The U.S. Senate recently voted 50-48 to nullify the Federal Communications Commission (FCC) privacy rules that were implemented during the Obama presidency, on March 23, 2017. The rules had been put in place to limit how broadband providers/carriers could use customer data.
The new privacy rules contrasted with the existing privacy guidelines of the Federal Trade Commission. The vote in the senate creates a path for a house vote and president’s signature. With a Republican majority and sharp party vote, the repeal’s odds of passing the house are high. The FCC, which is an independent agency, will follow the trend of the Trump administration’s rapid reversal of government regulations that businesses opposed during the Obama administration. The efforts reveal great changes at the center of the meeting of telecommunications, media and the internet, as well as privacy and the interplay between corporate interests and the American consumer.
The biggest point of consideration will be net neutrality, created in 2015 to prevent internet service providers from blocking or selectively limiting internet traffic. The rule, which was created in concert with a decision to categorize broadband like a functional element, was the core technology initiative of the Obama administration. In many ways, the reorganization of broadband into a service such as electricity and telephones provided the foundation from a legal standpoint for net neutrality rules. However, this has not come without its fair share of criticism or ambiguity.
Ajit Pai, “President Trump’s selection to lead the FCC, will have the help of influential members of Congress who have promised to attack the classification of broadband as a service comparable to a utility. He is well-liked among Republican leaders, including the Senate’s majority leader, Mitch McConnell, who with other members view Mr. Pai as a loyal voice of dissent during the Obama years. Mr. Pai, 44, is the child of immigrants from India who settled in the United States (Kansas), and is considered a fresh face for the Republican Party.
Some have claimed that these moves largely work in favor of corporations as opposed to the average American consumer. Congress could introduce legislation that reduces the agency’s power to regulate broadband providers and enforce net neutrality rules. Also in question are privacy standards for broadband providers. “The agency has strayed from its core mission,” said Marsha Blackburn, Republican representative from Tennessee who oversees a telecommunications/tech subcommittee who called for a hearing on the FCC agenda under the Trump administration.
To provide an example of the dilemma at hand, if a provider like AT&T offers free streaming (as opposed to implementing data limits) of its DirecTV programs, does this violate net neutrality rules because it could put competing video services at a disadvantage? It is difficult to determine. Under previous leadership, the FCC said in a report that it saw some concerning evidence regarding this potential ambiguity. But Mr. Pai said after completing investigations into wireless carriers that zero-rating was popular among consumers, in particular, low-income households. Once again, the ambiguity between principle and practice can be difficult.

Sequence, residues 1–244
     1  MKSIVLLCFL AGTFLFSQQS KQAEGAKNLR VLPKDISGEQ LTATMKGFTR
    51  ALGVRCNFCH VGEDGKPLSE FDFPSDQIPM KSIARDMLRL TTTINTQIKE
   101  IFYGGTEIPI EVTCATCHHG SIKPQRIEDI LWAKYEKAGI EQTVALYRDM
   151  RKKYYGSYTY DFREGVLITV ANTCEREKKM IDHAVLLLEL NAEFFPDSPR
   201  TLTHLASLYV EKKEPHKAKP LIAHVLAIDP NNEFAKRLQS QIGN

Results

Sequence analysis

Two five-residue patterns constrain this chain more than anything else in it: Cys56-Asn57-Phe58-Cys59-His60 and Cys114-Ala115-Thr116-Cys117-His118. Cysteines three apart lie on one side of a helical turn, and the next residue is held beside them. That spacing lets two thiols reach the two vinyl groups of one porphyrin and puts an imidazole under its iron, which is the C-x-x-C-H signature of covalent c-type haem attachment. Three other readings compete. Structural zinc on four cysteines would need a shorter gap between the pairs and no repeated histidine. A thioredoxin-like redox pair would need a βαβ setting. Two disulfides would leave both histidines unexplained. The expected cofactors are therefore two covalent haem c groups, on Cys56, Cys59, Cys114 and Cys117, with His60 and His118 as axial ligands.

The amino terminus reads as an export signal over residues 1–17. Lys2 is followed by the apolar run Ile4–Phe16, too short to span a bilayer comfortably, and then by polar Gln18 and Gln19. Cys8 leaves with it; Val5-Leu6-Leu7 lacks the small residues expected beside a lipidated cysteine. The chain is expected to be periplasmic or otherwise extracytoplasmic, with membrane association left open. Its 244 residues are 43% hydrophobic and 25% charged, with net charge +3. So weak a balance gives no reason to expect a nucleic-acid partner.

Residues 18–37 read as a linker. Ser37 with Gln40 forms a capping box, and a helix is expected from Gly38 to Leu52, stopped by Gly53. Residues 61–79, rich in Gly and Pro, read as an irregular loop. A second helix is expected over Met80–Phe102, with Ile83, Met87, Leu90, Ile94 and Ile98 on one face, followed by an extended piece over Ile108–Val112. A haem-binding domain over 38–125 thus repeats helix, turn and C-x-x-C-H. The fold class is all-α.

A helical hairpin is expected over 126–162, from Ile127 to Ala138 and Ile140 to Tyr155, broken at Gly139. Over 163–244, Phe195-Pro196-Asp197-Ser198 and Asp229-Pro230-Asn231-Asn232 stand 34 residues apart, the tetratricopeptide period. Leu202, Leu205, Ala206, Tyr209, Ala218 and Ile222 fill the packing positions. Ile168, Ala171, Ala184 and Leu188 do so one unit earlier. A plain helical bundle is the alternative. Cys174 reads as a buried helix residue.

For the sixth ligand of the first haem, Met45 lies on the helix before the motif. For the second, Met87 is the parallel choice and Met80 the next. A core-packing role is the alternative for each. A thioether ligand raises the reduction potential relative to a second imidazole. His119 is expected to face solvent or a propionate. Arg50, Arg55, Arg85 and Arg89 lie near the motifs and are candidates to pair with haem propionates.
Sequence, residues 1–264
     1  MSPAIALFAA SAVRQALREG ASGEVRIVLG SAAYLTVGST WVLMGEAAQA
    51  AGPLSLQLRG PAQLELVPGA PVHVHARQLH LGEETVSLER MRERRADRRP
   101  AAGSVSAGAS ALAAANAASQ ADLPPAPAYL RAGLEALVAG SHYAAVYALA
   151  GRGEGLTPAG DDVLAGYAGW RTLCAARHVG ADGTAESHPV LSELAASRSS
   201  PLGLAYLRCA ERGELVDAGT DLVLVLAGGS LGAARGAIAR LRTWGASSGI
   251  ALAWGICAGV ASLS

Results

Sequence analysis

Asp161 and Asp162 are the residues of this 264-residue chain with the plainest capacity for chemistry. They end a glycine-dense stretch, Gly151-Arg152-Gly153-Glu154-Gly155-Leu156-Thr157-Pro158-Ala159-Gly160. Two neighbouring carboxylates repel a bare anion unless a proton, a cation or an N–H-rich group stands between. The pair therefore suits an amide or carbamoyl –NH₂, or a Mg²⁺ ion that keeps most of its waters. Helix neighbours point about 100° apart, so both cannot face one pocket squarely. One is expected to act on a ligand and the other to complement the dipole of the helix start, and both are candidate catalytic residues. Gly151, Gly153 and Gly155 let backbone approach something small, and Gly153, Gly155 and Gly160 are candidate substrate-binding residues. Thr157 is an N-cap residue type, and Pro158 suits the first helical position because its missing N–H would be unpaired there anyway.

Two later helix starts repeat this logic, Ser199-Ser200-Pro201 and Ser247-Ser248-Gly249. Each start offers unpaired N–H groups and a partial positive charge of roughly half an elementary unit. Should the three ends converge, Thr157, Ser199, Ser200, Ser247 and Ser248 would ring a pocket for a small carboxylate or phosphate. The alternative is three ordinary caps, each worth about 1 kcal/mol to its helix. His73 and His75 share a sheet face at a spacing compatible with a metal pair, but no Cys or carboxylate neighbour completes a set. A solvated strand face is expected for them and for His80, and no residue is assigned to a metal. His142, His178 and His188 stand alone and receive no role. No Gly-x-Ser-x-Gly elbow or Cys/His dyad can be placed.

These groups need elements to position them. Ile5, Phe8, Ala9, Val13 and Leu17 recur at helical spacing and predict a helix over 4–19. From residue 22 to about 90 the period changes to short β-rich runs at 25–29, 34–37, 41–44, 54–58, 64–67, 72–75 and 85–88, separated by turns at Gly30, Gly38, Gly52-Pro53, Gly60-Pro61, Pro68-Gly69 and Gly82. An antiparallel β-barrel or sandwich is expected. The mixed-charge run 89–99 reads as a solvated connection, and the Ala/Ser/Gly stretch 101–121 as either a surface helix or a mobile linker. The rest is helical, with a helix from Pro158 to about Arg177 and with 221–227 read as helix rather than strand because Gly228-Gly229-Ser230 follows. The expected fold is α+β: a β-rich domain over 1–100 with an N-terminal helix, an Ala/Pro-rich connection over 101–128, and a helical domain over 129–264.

The Data and Marketing Association’s (DMA) position in response was that these laws were overbearing on the part of the FCC. They argued that these laws would limit businesses that depend on ISP data as a source of their data projects and further disrupt the environment given the nature of CAN-SPAM.
The application and construction of the FCC’s privacy rules for broadband providers didn’t consider the details of how ISP/broadband providers use data. M3AAWG (Messaging, Malware, Mobile, Anti-Abuse Working Group) denied the legislation, arguing it would greatly restrict these organizations from sharing anti-abuse data and intelligence to combat negative network activity as well as external attacks.
The FCC’s privacy framework does offer benefits. In the U.S. CAN-SPAM covers email issues, HIPPA covers medical privacy issues, COPPA covers persons under 13, and so on. Privacy frameworks in Europe and Canada are much more comprehensive and designed to ensure privacy as a fundamental human need. The FCC structure seemed to resemble these broader distinctions of personally identifiable information and how to handle it, but it failed to consider the applications of this data beyond its commercial applications.
The Los Angeles Times published an article on March 24 concerning the vote in the senate in addition to the curtailing of the FCC regulations, contrasting two opposing Republican and Democrat views: what is business-friendly vs. safeguarding consumer privacy. One item not mentioned is how big data also includes information regarding Internet and mailbox abuse, nor that technology and eCommerce companies have data stores used for profiling customers, optimizing communications, and developing personalized experiences affected by the FCC rules.
Although privacy and the protection of personally identifiable information are important in an age of big data, security deserves the most consideration. These regulations facilitate standard methods for keeping PII safe and decrease a company’s digital vulnerability. No company is immune. As some security experts have quipped, “Companies either know they’re being hacked or they don’t know they’re being hacked.”
While the push to maintain Americans’ privacy is noble, more security rules and procedures will do more to safeguard consumer privacy than regulating new opt-in standards. Those involved in high-profile breaches are largely concerned with buying and selling account and profile data that require security controls to protect it.